Automatically Kill Hung Applications

Martin Brinkmann
Aug 25, 2007
Updated • Oct 18, 2015
Windows, Windows tips

Windows can really sometimes annoy the hell out of me. Starting a new software that was recently installed and seeing it hang after the start with delayed reaction - if any at all - from the system can be really painful.

Hitting CTRL + Shift + ESC and waiting minutes before the Task Manager  dialog pops up is not the number one solution to get rid of a process that is stuck in nirvana.

One way to get rid of those processes immediately or after a set time is to edit your Registry and change one or two values there. I had the chance to test this on Windows XP only but it is likely similar on other operating systems such as Windows 2000.

Open your Windows Registry with a tap on the Windows key, typing regedit and hitting enter on the keyboard. Depending on the version of Windows that you are running, you may receive an UAC prompt at this stage which you need to accept.

Navigate to the key HKEY_CURRENT_USER\Control Panel\Desktop and change the value of the key 'AutoEndTask' to 1.

If you want to set a time to wait until the kill process is executed you need to change the value of the key 'WaitToKillAppTimeout' to a value in milliseconds (which means 1000 is 1 second).

kill app timeout

via: Technospot

Update: As some readers have pointed out, it is also possible to press Ctrl-Shift-Esc to bring up the Task Manager more quickly.

Update 2: The values are different in Windows Vista,Windows 7 and newer versions of Windows. In those operating systems you need to do the following (Please note that some keys may exist already depending on the system you are using).

  • Navigate to the Registry key HKEY_CURRENT_USER\Control Panel\Desktop
  • Select New > String after right-click and enter WaitToKillAppTimeout
  • Double-click the entry and set it to 2000
  • Select New > String after right-click and enter AutoEndTasks
  • Double-click the entry and set it to 1
  • Select New > String after right-click and enter HungAppTimeout
  • Double-click the entry and set it to 1000
  • Select New > String after right-click and enter LowLevelHooksTimeout
  • Double-click the entry and set it to 1000

While this means that you will have to create four new strings for the same effect, it is good to know that you can still have Windows kill hung applications automatically.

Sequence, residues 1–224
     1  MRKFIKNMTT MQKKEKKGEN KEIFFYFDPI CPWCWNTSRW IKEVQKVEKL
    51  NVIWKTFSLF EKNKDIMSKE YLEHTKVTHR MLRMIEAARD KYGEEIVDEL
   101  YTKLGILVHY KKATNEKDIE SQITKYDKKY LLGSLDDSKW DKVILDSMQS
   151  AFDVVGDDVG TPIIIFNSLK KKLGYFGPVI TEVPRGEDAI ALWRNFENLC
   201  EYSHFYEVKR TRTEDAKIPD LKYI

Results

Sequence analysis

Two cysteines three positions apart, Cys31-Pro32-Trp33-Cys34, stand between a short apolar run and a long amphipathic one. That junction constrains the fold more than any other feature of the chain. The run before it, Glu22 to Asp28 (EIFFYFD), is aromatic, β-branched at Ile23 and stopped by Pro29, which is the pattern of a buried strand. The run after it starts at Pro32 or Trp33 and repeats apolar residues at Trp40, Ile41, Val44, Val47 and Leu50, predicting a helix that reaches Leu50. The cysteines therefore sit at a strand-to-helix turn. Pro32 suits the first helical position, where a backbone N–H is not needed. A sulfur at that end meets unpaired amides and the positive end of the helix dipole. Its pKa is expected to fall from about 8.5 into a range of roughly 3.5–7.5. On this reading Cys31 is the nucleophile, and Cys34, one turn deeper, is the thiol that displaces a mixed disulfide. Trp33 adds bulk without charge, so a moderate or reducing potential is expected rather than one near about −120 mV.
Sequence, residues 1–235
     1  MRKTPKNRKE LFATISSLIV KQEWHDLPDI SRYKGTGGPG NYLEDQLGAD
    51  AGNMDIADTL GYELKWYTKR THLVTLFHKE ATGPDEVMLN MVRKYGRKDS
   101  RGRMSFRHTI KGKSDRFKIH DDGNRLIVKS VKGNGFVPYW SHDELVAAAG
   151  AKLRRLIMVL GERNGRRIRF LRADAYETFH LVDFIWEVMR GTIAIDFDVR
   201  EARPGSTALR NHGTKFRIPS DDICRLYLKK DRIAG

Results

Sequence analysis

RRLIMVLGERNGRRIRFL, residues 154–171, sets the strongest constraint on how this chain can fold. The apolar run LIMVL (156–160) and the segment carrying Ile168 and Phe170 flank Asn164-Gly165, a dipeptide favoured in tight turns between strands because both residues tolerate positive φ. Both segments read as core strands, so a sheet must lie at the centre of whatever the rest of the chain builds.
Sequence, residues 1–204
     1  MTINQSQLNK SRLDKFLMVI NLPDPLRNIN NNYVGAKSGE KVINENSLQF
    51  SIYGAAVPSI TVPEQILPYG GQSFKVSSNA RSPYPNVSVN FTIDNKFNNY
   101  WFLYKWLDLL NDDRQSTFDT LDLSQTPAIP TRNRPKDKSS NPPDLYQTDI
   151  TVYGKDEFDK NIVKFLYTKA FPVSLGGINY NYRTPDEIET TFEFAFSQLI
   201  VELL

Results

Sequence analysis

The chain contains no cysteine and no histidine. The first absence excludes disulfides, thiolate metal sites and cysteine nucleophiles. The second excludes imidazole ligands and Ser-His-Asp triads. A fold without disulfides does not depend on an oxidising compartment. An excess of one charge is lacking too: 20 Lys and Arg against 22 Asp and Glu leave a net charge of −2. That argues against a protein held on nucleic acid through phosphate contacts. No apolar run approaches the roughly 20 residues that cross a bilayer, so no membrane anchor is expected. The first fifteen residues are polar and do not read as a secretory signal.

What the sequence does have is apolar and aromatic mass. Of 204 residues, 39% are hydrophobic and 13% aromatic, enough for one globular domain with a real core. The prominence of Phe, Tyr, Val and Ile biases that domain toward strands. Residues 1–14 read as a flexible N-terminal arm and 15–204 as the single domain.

Please note that you may lose data in the process if you worked before the freeze with the program. Then again, if the application does not recover, you may lose data as well.

Automatically Kill Hung Applications
Article Name
Automatically Kill Hung Applications
Find out how to configure Windows to automatically kill (terminate) applications that are frozen on the system.

Tutorials & Tips

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  1. Alter Falter! said on August 27, 2007 at 9:53 pm

    Hmm, too bad: My AutoEndTasks is already set to 1…?

  2. Kip said on August 26, 2007 at 9:01 am

    I’ve across this “tip” a dozen times. Don’t rehash old stuff.

  3. Joe said on August 25, 2007 at 10:54 am

    Martin, I’m not sure I understand this.
    Are the two keys connected and dependent on one another? In other words, do I need to set autoendtask to 1 in order to set the delay or should it be set to 0 and only then I will get the delay that I set in the other key?

    Also, what does it mean “the process is terminated instantly”? How does the system know when a process is hung?


  4. Roman ShaRP said on August 25, 2007 at 10:34 am

    Do you about Process Lasso or Process Tamer?

    Those are applications for “automatic priority management”. Both are about lowing priority of processes, consuming too many CPU time {and in such way allow to kill troubled app without much waiting}.

    Process Lasso in addition
    – can automatically raise priority for chosen process and make it work faster or not interruptable by other
    – can boost foreground process priority
    – has nice CPU usage or system responsiveness indicator
    – can show memory usage and so on

    So, when I start using Process Lasso, I throw out famous Process Explorer – not only because of problems I had with it, but because Process Lasso can replace it and do more for me {but looks not so good, heh :) }.

    And both are free. I do not tets Process Tamer, because Lasso work fine.

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